My Daily Poetry Routine

My Daily Poetry Routine

A Chapter by William Liston

describes what I do every morning


When I research ways to become more skilled at poetry, one piece of advice always pops up: You must read poetry. Although I've only been writing for two years, I can confidently say the aforementioned advice is a virtual fact. Reading poetry can help you discover endless styles and methods of expression, both of which can help improve your skill.

To improve my poetic ability, I started a routine about a month ago: Every morning, about 20 minutes after I wake up, I'll read a poem and write an analysis about whatever aspect(s) in the poem that I find worthy of elaboration. I usually read the poem and decide on what I want to analyze the night before. 

Here's an example of one:

9-14-16: "On Turning Ten" by Billy Collins

Analyze the following: imagery in the second stanza, contrast in third stanza, last stanza

  • The imagery in stanza two reflects the speaker's past -- how years ago, he had a child-like imagination that made life adventurous and wonderful. This stanza contrasts with the speaker's negative thoughts towards turning ten.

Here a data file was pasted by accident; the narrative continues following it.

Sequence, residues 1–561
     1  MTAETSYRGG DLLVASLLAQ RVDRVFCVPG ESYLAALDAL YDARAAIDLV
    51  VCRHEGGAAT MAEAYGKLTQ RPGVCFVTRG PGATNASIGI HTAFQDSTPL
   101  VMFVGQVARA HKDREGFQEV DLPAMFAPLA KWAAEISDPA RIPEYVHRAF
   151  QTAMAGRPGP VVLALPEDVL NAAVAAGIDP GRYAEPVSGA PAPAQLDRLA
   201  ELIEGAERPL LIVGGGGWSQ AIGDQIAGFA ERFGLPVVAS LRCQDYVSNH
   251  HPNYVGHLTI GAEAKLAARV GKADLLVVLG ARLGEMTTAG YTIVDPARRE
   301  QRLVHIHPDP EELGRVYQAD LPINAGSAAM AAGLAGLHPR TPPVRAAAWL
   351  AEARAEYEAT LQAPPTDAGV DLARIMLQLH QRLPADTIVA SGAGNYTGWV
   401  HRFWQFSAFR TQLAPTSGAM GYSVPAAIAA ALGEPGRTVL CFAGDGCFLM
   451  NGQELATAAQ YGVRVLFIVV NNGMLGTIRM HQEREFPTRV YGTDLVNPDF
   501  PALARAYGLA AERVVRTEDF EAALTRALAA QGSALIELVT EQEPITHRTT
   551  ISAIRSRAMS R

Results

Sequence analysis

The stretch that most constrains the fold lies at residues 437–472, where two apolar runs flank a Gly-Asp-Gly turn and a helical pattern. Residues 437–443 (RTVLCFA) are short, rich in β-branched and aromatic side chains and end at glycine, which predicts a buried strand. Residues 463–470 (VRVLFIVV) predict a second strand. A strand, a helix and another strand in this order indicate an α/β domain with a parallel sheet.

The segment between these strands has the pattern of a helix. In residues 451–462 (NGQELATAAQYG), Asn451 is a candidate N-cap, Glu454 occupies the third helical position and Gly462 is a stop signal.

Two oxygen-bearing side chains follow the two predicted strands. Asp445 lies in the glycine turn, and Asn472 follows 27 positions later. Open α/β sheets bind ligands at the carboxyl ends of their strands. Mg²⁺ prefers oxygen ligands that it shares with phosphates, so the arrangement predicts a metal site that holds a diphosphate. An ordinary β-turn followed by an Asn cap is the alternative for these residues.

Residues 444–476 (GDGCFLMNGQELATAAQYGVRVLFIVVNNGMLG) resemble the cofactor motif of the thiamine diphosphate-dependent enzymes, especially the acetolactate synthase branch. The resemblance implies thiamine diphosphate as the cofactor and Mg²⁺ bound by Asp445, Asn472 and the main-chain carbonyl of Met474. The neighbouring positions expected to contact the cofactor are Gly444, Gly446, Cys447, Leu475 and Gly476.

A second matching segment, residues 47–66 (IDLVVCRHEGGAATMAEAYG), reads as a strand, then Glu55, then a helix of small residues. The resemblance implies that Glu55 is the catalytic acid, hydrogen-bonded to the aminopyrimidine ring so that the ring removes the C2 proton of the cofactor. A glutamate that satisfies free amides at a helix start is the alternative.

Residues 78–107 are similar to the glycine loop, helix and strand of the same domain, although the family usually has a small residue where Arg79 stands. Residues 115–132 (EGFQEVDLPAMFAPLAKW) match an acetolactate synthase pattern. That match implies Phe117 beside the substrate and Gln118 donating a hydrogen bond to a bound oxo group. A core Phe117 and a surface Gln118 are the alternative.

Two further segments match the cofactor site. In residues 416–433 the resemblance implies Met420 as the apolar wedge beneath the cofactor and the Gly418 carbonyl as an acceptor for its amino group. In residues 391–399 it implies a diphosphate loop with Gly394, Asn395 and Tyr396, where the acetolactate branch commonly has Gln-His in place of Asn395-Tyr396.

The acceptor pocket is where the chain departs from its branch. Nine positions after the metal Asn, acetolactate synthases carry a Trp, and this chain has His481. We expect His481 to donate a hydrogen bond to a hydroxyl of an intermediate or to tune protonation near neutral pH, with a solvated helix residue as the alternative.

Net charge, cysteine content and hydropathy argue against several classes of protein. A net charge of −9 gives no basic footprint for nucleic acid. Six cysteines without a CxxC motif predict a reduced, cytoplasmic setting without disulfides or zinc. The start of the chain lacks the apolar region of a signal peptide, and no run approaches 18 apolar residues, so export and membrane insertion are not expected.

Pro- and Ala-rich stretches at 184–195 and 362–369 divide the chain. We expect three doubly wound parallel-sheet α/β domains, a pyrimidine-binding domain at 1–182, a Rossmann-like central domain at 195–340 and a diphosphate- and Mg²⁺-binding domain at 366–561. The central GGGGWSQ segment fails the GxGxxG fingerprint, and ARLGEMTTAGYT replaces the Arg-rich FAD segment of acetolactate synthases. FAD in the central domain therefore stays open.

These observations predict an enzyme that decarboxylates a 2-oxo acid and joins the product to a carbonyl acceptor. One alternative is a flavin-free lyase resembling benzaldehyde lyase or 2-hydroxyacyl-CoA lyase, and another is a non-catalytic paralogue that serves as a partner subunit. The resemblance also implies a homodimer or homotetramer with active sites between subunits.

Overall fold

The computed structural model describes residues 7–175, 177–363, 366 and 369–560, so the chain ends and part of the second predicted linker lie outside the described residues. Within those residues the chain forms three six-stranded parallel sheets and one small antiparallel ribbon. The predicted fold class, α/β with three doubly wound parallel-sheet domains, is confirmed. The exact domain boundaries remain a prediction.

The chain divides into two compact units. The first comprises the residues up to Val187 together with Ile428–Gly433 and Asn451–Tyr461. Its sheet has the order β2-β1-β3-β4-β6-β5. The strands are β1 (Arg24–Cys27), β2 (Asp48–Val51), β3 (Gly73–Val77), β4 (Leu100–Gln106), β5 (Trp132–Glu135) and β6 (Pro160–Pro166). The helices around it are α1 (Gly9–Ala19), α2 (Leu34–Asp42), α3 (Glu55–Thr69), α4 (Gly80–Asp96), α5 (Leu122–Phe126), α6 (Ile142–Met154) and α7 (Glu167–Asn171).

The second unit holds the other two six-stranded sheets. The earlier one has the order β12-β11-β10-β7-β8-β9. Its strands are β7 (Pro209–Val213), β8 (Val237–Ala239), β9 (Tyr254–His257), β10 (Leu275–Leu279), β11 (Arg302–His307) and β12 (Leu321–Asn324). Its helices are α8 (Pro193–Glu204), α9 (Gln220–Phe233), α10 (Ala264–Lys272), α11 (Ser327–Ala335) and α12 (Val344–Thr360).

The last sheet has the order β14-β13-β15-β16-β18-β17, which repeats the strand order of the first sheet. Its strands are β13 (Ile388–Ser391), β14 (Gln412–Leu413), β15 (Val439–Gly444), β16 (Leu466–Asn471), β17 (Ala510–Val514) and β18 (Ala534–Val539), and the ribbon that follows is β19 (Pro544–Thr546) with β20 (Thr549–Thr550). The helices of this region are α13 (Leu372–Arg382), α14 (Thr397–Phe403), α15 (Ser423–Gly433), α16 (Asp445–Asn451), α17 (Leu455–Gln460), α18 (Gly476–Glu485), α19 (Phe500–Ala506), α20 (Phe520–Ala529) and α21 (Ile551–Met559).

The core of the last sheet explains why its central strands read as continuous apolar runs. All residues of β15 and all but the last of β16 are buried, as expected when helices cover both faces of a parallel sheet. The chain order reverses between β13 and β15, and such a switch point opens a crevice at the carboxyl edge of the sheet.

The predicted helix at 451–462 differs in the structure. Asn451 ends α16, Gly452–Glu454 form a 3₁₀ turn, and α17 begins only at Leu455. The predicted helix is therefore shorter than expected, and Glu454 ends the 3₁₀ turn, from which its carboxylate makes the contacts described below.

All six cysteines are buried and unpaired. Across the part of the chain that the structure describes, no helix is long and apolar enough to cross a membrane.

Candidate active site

• The contrast between stanzas two and three gives the poem a serious tone. While stanza two reflects the beauty of a child's imagination, stanza three reflects the speaker's current struggle: turning ten. 

  • The last stanza adds closure to the poem because it combines the speaker's past childhood with the reality of turning ten. To do this, Collins writes, "But now when I fall upon the sidewalks of life / I skin my knees. I bleed."

The analysis can be written however you'd like. You can discuss why you enjoyed the poem, what kept you from enjoying it, how the poem could've been improved, how the poem's topic relates to your life ... whatever helps you best.

Here are some good poems to analyze:


"Sympathy" by Paul Laurence Dunbar

"Tonight" by Sarah Teasdale

"Boy At the Window" by Richard Wilbur

"A Minor Bird" by Robert Frost


"Embrace" by Billy Collins

"The Negro Speaks of Rivers" by Langston Hughes

"Flying at Night" by Ted Kooser

"Your Laugh" by Pablo Neruda

© 2017 William Liston

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Added on September 19, 2016
Last Updated on July 28, 2017
Tags: routine, poetry, reading


William Liston
William Liston

Get your own valid XHTML YouTube embed code I'm an amateur poet who's been writing for about three and a half years. Some of my influences include Edgar Alla.. more..


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